by James McGirk
I do not follow contemporary cinema, but with the Oscars looming, I felt obliged to weigh in on the moving image as I experience it. Since I do not own a television and lack the sophistication and desire to sift through darknets and peer-to-peer file-sharing networks hunting for shows to download, I have resorted to Youtube’s never-ending supply of serial killer documentaries. Most are grainy and since the channels tend to abruptly disappear, are more than likely illegally uploaded. With any other genre this would be unbearable, but the crappiness of the viewing experience adds grit to these shows, which are usually collages of old photos and interviews, and the experience of watching a psychopathic killer delivered to justice becomes all the more deliciously unsettling.
After watching hundreds of these shows from all over the English-speaking world, I have begun to autopsy the peculiar relationship between the police, the bereaved, the media, and the public. There are remarkable differences between an Australian, an American, an English or even the rare Canadian depiction of society’s most heinous crime.
A serial killer is a murderer who has killed at least three people, with a refractory period, that is a length of time, between killings. There tends to also be a psychological motive, though many plunder their victims’ possessions, deep down serial killers kill because they want to or have to. The really famous ones often have a prurient interest in killing, and some of the most frenzied do horrific damage to their victims' bodies. These cases are full of sex, violence and vivid characters, and almost always have a thrilling conclusion in the form of a detective solving an increasingly violent series of murders. In other words, serial killers are the perfect fodder for television shows, or at least they would be if it weren’t for the fact that they must always balance on the narrow ledge between good taste, respect for the killers’ victims and the salacious detail their viewers crave; the latter element varies dramatically from country to country.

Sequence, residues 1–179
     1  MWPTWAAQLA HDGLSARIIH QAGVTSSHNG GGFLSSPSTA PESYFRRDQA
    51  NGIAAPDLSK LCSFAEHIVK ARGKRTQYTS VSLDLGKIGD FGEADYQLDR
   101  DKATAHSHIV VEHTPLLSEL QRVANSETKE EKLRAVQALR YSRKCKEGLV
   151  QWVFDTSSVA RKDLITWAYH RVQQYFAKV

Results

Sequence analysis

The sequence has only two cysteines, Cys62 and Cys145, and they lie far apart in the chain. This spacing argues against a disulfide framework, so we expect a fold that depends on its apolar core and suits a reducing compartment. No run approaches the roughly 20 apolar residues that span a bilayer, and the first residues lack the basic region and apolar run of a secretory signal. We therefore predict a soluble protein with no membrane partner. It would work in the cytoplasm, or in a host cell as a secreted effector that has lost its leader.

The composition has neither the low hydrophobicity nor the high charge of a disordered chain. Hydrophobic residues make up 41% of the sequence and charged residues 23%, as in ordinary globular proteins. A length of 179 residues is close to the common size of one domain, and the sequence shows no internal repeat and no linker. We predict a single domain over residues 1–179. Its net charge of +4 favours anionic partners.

Most of the shows posted are American, which makes sense given the size of the American entertainment industry and for the fact that the serial killer was first categorized here in the United States. There is an enormous variety, bounded on one side by the lavishly funded and deeply investigated network shows like 48 Hours | Mystery that often follow new leads and on the other by highly speculative fare that appears late at night on little-known cable networks. Yet for all their variety there are things unique to American depictions of serial killers and their crimes. American shows are highly technical, obsessed not only with forensics and technological police-work but also jargon and procedure in general. There are shows that attempt to categorize killers, for example Most Evil is a series based on the Depravity Scale developed by NYU Medical Center’s Michael Welner, which attempts to rank killers, others attempt to look at crimes through a particular agency (such as the Federal Bureau of Investigation) or even a distinct type of investigator – such as following a bloodspatter expert like Dr. Henry Lee or a crime scene photographer. You could say that these shows are excited by the intricacies of work and demonstrate considerable respect for the police and victims, at the risk of losing some of their objectivity. This is not the case in other Anglophone countries.